Kubernetes is inherently scalable. There are many tools that allow both applications as well as infrastructure nodes to scale in and out. Scaling is based on demand, efficiency, threshold/limits, and several other metrics. There are three types of autoscaling available:
The Horizontal Pod Autoscaler (HPA) is able to scale the number of pods available in a cluster to handle the current computational workload requirements of an application. It determines the number of pods needed based on metrics set by you. It applies the creation or deletion of pods based on threshold sets. In most cases, these metrics are CPU and RAM usage, but it is also possible to specify custom metrics. The HPA continuously checks the CPU and memory metrics generated by the metrics-server installed in the Kubernetes cluster.
Depending on the booting time of your applications and acceptance criteria, coming generally from the business department, you can set the minimum and the maximum number of replicas for a given deployment.
The Vertical Pod Autoscaler (VPA) can allocate more (or less) CPU and memory resources to existing pods. It modifies the available compute resources for an application. This feature can be useful to monitor and adjust the allocated resources of each pod over its lifetime. The VPA comes with a tool called VPA Recommender. It monitors the current and past resource consumption and uses the data to provide recommended CPU and memory resources for the containers. The Vertical Pod Autoscaler does not update resource configurations for existing pods. It checks which pods have the correct resource configuration and kills the ones that don’t. The applicable controllers then recreate them with the updated configuration.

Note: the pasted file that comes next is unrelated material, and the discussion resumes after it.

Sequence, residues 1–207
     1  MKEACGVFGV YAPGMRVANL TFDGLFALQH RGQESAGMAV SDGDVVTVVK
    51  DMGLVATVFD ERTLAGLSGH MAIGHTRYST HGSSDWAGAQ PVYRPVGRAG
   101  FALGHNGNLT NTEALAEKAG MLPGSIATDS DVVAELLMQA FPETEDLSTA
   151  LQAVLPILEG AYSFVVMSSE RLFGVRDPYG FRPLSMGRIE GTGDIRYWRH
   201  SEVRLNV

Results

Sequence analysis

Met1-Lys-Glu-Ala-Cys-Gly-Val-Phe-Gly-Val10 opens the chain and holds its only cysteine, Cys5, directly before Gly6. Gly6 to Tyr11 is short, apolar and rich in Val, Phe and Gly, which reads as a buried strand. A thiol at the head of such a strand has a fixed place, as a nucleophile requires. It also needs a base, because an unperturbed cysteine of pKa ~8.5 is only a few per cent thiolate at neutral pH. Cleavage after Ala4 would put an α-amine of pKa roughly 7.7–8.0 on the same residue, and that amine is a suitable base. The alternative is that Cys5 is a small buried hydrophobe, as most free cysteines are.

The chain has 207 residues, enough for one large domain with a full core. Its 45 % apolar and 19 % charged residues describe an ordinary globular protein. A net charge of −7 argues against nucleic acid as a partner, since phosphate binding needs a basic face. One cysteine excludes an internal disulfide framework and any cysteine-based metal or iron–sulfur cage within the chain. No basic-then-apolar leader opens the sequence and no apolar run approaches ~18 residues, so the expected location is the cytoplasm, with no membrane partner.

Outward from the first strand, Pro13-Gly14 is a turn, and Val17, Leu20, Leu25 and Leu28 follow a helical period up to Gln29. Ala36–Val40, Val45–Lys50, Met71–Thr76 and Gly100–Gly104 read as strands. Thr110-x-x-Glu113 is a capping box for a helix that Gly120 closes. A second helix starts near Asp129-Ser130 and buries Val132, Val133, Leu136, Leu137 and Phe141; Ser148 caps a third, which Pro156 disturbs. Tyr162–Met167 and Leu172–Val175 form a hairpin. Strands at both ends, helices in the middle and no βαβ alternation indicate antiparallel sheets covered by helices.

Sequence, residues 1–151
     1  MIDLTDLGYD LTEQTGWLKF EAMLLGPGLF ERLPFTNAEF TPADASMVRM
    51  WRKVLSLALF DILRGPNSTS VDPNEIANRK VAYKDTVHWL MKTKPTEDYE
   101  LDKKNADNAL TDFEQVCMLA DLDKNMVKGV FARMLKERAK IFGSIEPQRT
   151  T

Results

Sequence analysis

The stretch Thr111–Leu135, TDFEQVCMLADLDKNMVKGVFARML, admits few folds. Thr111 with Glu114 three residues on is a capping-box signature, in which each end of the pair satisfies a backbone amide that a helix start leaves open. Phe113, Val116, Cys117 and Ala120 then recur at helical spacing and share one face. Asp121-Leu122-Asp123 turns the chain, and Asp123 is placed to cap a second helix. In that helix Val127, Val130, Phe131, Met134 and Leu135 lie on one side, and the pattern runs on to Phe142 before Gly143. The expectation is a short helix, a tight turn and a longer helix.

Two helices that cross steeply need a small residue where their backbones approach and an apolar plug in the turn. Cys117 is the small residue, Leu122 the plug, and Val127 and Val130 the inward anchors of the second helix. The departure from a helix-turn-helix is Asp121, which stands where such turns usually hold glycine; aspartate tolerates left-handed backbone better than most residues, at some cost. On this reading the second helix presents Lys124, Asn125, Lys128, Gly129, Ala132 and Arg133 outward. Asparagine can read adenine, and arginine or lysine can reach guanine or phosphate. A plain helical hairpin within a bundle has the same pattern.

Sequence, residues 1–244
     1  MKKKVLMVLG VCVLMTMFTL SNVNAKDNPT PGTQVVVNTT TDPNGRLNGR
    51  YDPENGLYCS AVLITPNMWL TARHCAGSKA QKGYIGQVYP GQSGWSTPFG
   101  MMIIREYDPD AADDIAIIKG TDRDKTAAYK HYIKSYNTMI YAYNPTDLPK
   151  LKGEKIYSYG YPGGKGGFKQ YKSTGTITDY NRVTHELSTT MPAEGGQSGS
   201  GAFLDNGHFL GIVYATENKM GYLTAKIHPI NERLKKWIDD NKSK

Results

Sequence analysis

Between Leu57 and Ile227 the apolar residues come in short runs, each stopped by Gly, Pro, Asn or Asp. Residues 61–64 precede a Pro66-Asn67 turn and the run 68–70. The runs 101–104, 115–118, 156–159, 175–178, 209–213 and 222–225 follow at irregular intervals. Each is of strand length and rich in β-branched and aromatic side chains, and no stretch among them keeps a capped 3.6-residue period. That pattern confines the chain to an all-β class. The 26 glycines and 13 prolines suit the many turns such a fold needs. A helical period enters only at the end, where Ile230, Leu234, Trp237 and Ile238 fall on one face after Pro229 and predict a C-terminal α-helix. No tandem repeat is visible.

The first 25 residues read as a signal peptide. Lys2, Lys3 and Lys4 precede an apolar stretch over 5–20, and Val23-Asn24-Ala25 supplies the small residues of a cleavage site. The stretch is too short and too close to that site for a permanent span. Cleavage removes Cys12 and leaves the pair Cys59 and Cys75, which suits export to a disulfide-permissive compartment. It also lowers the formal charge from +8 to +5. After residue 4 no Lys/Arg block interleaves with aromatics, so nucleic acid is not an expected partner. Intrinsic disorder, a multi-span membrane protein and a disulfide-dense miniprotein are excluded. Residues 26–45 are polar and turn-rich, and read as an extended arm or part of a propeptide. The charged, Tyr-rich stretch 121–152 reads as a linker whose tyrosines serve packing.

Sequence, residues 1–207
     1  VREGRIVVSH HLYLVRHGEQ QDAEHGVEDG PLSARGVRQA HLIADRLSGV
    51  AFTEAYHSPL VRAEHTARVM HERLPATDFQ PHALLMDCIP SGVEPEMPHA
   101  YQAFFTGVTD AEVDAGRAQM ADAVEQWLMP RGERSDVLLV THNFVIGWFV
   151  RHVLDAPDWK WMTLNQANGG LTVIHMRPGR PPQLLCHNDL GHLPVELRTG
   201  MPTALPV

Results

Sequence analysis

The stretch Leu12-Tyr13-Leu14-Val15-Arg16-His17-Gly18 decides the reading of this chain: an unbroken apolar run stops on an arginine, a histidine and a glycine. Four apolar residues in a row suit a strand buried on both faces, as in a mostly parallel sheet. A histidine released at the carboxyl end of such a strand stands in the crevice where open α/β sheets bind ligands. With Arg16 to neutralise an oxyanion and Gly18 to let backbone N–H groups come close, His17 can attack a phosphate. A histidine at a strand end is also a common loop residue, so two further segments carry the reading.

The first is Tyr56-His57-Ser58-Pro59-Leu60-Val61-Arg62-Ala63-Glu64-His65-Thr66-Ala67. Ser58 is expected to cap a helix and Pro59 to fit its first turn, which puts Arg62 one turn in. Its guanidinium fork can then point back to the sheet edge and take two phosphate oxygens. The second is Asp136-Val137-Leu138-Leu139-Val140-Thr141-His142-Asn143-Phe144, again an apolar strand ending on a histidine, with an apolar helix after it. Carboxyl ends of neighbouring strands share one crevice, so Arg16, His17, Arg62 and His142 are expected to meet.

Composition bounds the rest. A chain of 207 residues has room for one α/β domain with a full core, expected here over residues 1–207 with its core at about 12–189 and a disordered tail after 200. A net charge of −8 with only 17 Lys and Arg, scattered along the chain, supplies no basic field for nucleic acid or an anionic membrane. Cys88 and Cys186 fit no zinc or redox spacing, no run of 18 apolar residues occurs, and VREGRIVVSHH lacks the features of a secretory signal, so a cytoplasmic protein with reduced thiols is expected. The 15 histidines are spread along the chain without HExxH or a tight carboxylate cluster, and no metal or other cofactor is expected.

When you want to use both the HPA and VPA to manage your container resources, you may put them in conflict. When they use the same metrics (CPU and memory), both of them will try to solve the situation at once. This results in the wrong allocation of resources. It is possible to use them both if they rely on different metrics. The VPA uses CPU and memory consumption as unique sources to gather the perfect resource allocation. The HPA can use custom metrics, allowing both tools to be used in parallel.
The Cluster Autoscaler (CA) adds or removes nodes from a node pool to meet demand and save money. It leverages the scheduler, and as soon as there is a pending pod on the scheduler, it adds a pod into a node pool. If you have several node pools you will use a feature called an expander to choose which node pool gets the pending pod. The different types of expanders include; price, least-waste, priority, etc.